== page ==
There are more than 60 breeds of rabbit ranging in size from dwarf to giant, varying in colour, appearance, lifespan and temperament. Breed standards and colours vary between countries.
There are many different breeds of rabbit throughout the world and most are bred in a number of varieties and colours. Some breeds are found in almost every country where there are rabbit fanciers while some are virtually unknown outside their country of origin. Many breeds have also been developed to quite different breed standards in various countries and may even be known by different names. This section covers the main breeds found in Britain and America, and we have tried to remain as international as possible in the breed profiles.
Rabbits range in size from the dwarf breeds, weighing around 1kg (2lbs) to the giant breeds, weighing around 6-7kg (13-16lbs).
In general, the smaller breeds are longer-lived, with most dwarf and small rabbits, up to around 2.5kg (5½lbs), living on average 8-12 years. Medium sized breeds generally live around 6-8 years and the large and giant breeds tend to have the shortest lifespan at around 5-6 years. Although lifespan is largely genetic, general health obviously has a great influence. Rabbits with ideal living conditions, suitable diet, routine healthcare and vaccinations are likely to live well into natural old age. Neutering is important, particularly for female rabbits, with spayed does likely to live several years longer than unspayed or breeding does. Potentially, rabbits can exceed the average lifespan of their breed by several years, for example, some Netherland Dwarfs reach 14-16 years and some Giants have been known to live 7-8 years.
Different breeds of rabbit not only vary in size and appearance but can also have quite different characters. Smaller breeds tend to be livelier and more highly-strung than the larger breeds, which are generally more placid and even-tempered. A lively nature means a rabbit will be very active and alert, although this can also lead to being fairly unmanageable. A calm nature means a rabbit will be quite placid, laid-back and generally less active, some large breeds tend almost to laziness and are more prone to being overweight. It is difficult to give a definitive character assessment for each breed as temperament can vary: temperament is largely inherited, so a breeder of a generally lively breed can create a line of very calm rabbits through strict selection of breeding stock; conversely, highly-strung or aggressive rabbits can be bred from a normally placid breed, if temperamental stock are selected for breeding. In the breed profiles, we have tried to give a middle point or average character for each breed, however it is worth bearing in mind that an individual rabbits breeding and line of descent can have a significant influence on temperament. Many other factors such as environment, handling, whether the rabbit is neutered or spayed etc. can also influence a rabbits general disposition.
Different breeds of rabbit have quite different appearances, varying in size, body type, build, hair type and length, ear length and shape etc. Some breeds have arched bodies with a very rounded curve to their back and hindquarters, others have long, slightly sloping backs. Some breeds are very slender and slight in build, while others are broad, solid and substantially built. Many breeds are distinctive for a particular feature, such as lop ears; for their hair type, e.g. rex, angora and lionhead; or for their patterned coat, e.g. Himalayan and Dutch. Pure-bred or pedigree rabbits are bred to conform to their breed standard; the ideal set out for body type, shape and weight, fur type and colour. The detail of the breed standard can vary from one country to another, with differences in size, body shape and accepted coat colours quite common. The individual breed profiles we give here provide a basic description of general appearance and where possible, any major differences between breed standards in the UK and the USA. If you wish to show or breed from your rabbit, detailed breed standards are available from the British Rabbit Council in the UK and the American Rabbit Breeders Association in the USA.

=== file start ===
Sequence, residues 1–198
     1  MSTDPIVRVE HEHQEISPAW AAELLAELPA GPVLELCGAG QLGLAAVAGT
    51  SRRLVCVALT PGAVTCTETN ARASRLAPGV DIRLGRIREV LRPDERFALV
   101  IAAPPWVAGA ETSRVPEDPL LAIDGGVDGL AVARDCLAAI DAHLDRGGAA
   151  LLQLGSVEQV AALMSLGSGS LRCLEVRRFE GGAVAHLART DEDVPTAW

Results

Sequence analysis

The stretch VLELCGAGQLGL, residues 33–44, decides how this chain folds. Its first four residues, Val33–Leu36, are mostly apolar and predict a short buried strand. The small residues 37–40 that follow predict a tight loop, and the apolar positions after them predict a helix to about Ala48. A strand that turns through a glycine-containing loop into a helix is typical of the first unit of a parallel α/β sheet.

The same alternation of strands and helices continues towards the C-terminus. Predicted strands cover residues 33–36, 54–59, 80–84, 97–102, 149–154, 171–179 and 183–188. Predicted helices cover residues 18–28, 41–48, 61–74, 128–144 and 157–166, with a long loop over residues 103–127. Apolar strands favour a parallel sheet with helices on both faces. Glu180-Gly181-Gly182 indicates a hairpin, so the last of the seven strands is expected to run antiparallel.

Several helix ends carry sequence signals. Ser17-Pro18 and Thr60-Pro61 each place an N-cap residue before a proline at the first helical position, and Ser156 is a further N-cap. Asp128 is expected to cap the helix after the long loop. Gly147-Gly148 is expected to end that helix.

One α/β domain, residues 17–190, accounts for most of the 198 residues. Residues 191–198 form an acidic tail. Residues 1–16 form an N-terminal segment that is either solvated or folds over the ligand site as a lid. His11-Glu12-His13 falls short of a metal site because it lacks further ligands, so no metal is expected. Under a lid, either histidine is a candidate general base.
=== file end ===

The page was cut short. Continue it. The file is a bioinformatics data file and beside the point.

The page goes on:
Rabbits have been bred in a wide variety of colours and patterns. Most breeds have several colours, although a few, such as the Chinchilla are only bred in one colour. Some breeds, such as the Netherland Dwarf, have been bred in just about every colour found in all other breeds. Rabbit colours are divided into types: self, shaded self, agouti, tan, shaded tan, and other colours, patterns and markings. Self-coloured rabbits are the same colour all over, e.g. black; while shaded self colours, e.g. siamese, sealpoint have one colour that varies in shade over the body. Agouti patterned rabbits, e.g. chinchilla, have three different colour bands along the length of each hair. The undercolour next to the skin is usually darker, with a lighter band of colour in the midsection of the hair, and dark tips to the hair, called ticking. The undersides and belly are usually light-coloured, while the ears and other parts of the body may be laced with black hairs. Tan-patterened rabbits have two different colour bands along each hair, with an undercolour and a top colour, while shaded tan-patterns have two colours that vary in shade across the body. There are a number of other colours, including those with distinctive markings, e.g. Himalayan, Butterfly and Broken.
Some breeds will have special requirements, such as the extra care required for long hair. Breeds with a reputation for a tricky temperament or those that are prone to health problems will require special consideration when choosing a rabbit.